The nymphs are departed,
And their friends, the loitering heirs of city directors;
Departed, have left no addresses
.

Departed, have taken with them the luggage of panic, for if deadened from dull days at work at least there no worried pacings punctuate the evenings as in the elder days, before this big break job, no heart kicks at every door knock as though Loan Co. Himself was on the other side, knocking. Dithyrambic pound with each envelope delivered, even sweepstakes nonsense sometimes looked like loan bills to bloodshot eyes. Taking more hours at the cafe, more coffee cups filled and customers humored over steaming pink salmon, seizing on others’ sick days almost as a parasite and still failing in spite of this to meet monthly payments, readying for default until an entirely oblique conversation with Loan Co. led to a letter that read “ . . . pleased to inform you that your loan has been rescheduled,” which meant, his Uncle James told him over the phone, reduced monthly payments by means of a second loan to help pay off the first which meant increased interest rates but extended repayment schedule so that at least the monthly interest and a bit of the capital balance would be in the hands of the bank every thirty days.

ἀναζωπυρεῖν

is perhaps my favorite Greek verb, meaning as it does “kindle anew”. This has not so much to do with newfangled reading devices as it does the second letter of Paul to Timothy, in one of my favorite passages from scripture:

For this reason I remind you to fan into flame the gift of God, which is in you through the laying on of my hands. For God has not given us a spirit of fear and timidity, but of power, love, and self-discipline.

That’s 2 Timothy 1:6-7 in the New International Version, which I have here because that’s the way I first memorably read it on a readerboard outside Seattle’s First Presbyterian Church on the corner of 8th and Madison. That’s where I was walking one fine day in 1987 on my way to meet my mom for lunch, when she was working at the Federal Courthouse on Sixth and Madison, across from the Seattle Public Library. If the passage seems somewhat self-serving (as it does to me—now, anyway, which I realize is a perverse way of reading scripture) say a prayer for the twenty-two year old who was trying to find his way even as he would soon so very badly lose it. Even after reading those very words.

I mention all this because it is the festival day for Saints Timothy and Titus. Timothy happens to be the name of my brother, which is another reason that passage stood out for me way back when.

Say a prayer for him as well, while you are at it. And for the fifty year old, too. Happy Feast Day, and God bless!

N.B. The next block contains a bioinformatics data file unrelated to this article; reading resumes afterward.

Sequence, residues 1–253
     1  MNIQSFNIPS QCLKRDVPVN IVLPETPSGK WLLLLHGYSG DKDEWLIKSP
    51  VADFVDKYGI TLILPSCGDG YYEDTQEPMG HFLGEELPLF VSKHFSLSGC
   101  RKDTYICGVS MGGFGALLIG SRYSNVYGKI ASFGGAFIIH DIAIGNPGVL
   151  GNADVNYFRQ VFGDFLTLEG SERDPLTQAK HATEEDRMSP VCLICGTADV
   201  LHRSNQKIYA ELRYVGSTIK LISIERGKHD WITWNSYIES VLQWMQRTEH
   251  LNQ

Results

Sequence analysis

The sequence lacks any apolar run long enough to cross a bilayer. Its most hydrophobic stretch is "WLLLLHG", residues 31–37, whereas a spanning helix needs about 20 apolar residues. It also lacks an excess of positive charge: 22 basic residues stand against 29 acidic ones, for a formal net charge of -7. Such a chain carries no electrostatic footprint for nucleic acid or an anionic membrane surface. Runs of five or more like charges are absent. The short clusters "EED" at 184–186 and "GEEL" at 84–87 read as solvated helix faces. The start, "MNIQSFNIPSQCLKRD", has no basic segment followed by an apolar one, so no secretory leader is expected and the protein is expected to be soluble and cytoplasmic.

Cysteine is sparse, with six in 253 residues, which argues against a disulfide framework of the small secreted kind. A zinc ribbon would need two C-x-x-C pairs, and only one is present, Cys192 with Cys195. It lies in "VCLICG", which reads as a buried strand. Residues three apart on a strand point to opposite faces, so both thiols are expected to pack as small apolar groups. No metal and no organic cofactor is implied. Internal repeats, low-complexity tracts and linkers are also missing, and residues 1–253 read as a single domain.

Game Over!

Well, it was a good run, but the One Holy, Catholic and Apostolic is all washed up. Belly-up. This goose is cooked, people, so stick a fork in it.

We may now commence with our feast in Hell. Very soon now.

I’ve been reading John Zmirak again, and forget about this century … it’s now two millenia of Western Christendom in need of saving. In fact, if you read between the lines of this latest article, you’d be forgoven for going away with the impression that all humanity is in need of redemption.

Strike those weasel words, “all humanity” … what’s really at stake here is the fate of the entire universe.

Whew!

Ficciones

The composition of vast books is a laborious and impoverishing extravagance. To go on for five hundred pages developing an idea whose perfect oral exposition is possible in a few minutes! A better course of procedure is to pretend that these books already exist, and then to offer a résumé, a commentary. […] More reasonable, more inept, more indolent [than other authors], I have preferred to write notes upon imaginary books.

— Jorge Luis Borges, preface to The Garden of Forking Paths, in Ficciones (New York: Grove Press, 1962), 15-16.


 

See also the Cubeland Mystic’s notes for an imaginary movie:

How about a two man movie? It could be called, Matthew, JOB, and Bourbon. You sit out on Matthew’s patio drink and discuss important stuff, but with a twist. The session turns into a discussion about the perfect movie, and then as the screenplay develops amidst shots, your dialogue would be interspersed with the actual scenes from the finished product that you are developing on the fly. It ends with the sun coming up over La Mesa. The last scene of the movie is Mrs. L picking up the empty bottle of bourbon throwing it in the trash, and saying something like “I wish they’d do some real work.” or some such. That’s the whole movie.